Robots are changing the way we do everything, from manufacturing consumer goods to speeding up assembly lines, and they are currently everywhere in our lives, from robotic pets in our living rooms to robots in outer space studying other planets. There are even robots in surgical rooms, assisting doctors to perform surgeries. While this area is still under development, there are currently thousands of robots worldwide performing many types of surgery, including general surgery, cardiothoracic surgery, colon and rectal surgery, neurosurgery, radiosurgery, transplant surgery, and gastrointestinal surgery, among others.
Robots permit a high level of control and precision in the use of surgical instruments, which is essential in the field of minimally invasive surgery. They scale down a surgeon’s movements permitting operations with considerable less tissue damage and thus shorter recovery times. There are currently three types of robotic surgery systems; supervisory-controlled systems, telesurgical systems, and shared-control systems. In the supervisory controlled system, the robot is programed previously to the surgery and it performs most of the procedure by itself under the supervision of a surgeon. These procedures are the most expensive as the robot must be programed before each individual surgery, requiring a large amount of images and medical data from each patient. In the telesurgical system, a surgeon remotely operates the robot during the procedure using real-time data feedback provided by the robot. Finally, in the shared-control system the surgeon performs the procedure with the assistance of a robot, which grants the surgeon greater precision and stability.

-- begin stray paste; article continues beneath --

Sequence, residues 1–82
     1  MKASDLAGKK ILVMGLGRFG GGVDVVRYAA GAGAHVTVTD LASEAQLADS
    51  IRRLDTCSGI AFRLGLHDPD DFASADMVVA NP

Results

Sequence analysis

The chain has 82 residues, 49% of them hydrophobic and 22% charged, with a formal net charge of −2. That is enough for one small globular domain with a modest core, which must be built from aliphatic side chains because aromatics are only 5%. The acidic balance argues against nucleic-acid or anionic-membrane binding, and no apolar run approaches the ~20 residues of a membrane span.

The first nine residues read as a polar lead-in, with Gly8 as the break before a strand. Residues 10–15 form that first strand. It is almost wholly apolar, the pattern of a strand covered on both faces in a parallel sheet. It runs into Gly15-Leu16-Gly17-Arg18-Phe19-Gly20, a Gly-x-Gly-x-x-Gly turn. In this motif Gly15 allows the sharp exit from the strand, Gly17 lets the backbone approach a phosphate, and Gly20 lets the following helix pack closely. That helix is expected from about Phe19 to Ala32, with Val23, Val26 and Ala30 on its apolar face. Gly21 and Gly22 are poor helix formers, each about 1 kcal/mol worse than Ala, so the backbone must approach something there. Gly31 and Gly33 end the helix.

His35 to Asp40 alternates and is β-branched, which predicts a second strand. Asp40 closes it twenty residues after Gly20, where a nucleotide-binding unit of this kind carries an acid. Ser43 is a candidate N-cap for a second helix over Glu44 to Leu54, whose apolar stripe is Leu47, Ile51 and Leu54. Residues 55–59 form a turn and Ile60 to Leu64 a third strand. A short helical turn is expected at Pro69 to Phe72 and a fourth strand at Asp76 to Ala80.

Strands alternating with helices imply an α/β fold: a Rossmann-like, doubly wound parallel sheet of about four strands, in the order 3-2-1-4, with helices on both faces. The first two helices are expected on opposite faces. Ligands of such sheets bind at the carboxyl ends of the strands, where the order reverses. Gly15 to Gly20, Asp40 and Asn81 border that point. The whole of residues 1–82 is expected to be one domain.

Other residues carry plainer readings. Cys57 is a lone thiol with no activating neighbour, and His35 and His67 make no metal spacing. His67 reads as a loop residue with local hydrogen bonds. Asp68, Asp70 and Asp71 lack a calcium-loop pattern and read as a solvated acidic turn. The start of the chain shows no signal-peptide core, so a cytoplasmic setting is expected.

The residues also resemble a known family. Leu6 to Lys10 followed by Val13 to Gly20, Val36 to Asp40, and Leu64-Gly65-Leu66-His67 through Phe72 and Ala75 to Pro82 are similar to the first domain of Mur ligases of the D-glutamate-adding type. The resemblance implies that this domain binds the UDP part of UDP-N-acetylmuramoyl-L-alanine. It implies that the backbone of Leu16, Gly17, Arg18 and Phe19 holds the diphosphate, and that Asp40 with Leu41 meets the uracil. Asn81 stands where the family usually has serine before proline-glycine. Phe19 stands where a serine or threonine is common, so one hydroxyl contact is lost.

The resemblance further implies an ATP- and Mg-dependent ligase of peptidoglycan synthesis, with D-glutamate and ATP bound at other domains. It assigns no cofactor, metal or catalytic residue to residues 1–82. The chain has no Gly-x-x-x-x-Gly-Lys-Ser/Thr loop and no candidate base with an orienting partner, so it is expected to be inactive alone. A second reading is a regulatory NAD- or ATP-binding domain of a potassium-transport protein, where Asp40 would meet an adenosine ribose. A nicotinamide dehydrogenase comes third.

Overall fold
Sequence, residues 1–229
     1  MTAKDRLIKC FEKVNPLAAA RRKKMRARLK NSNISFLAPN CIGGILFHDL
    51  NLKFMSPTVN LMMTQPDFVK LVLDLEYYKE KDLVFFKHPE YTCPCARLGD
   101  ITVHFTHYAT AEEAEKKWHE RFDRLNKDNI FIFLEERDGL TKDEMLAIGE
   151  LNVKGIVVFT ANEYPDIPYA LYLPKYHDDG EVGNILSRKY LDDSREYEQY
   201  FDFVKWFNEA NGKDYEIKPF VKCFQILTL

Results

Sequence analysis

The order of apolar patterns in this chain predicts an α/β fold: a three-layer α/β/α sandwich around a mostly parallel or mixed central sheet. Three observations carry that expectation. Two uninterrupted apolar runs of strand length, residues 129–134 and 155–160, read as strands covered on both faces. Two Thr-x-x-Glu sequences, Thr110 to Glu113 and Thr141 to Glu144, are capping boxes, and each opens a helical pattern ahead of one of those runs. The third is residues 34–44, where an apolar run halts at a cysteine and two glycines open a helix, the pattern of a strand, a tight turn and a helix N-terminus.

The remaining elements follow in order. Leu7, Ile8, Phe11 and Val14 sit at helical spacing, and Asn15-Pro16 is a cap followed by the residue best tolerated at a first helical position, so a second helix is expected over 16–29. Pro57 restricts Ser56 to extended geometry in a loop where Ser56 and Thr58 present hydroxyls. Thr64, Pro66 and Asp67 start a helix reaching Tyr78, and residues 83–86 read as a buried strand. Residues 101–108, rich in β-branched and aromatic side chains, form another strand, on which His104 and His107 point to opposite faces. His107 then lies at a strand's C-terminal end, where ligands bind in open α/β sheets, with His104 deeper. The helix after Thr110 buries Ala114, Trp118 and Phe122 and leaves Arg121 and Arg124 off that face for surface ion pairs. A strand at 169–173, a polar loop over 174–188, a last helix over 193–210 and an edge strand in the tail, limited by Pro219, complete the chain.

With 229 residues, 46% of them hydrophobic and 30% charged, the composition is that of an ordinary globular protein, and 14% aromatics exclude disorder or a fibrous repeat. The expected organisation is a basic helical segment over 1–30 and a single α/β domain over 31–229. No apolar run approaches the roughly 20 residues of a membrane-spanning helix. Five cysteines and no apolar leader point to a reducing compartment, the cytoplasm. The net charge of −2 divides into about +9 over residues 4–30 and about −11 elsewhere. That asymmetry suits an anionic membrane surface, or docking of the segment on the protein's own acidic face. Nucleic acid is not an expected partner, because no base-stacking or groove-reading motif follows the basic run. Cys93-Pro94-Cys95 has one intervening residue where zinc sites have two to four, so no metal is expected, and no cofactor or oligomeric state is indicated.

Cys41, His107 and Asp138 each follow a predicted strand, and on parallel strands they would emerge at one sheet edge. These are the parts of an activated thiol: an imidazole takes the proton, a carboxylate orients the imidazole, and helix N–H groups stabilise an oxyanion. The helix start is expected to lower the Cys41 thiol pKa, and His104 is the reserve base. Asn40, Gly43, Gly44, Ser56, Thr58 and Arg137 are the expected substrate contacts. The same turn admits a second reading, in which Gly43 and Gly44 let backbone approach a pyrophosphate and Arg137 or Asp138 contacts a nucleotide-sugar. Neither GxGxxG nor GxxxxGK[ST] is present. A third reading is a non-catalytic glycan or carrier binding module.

Among the most famous robotic surgeons is the Da Vinci Surgical System, a telesurgical device that allows doctors to work at smaller scales than normal surgery while providing a closer vision. Da Vincis are currently used all over the world for over 200,000 operations a year, mainly for hysterectomies and prostate removals. There are currently six robots of this type in Mexico. Including one in Hospital “Manuel Gea González” which is currently being used for prostate cancer patients, but it is planned to be also used for general surgery, gynecology, neck and head surgery, and gastric bypass. Prostate removals are being offered at this hospital free of charge for patients who do not have social security and would otherwise be unable to afford these services. In 2016, Mexico City plans to perform 200 robot-assisted surgeries.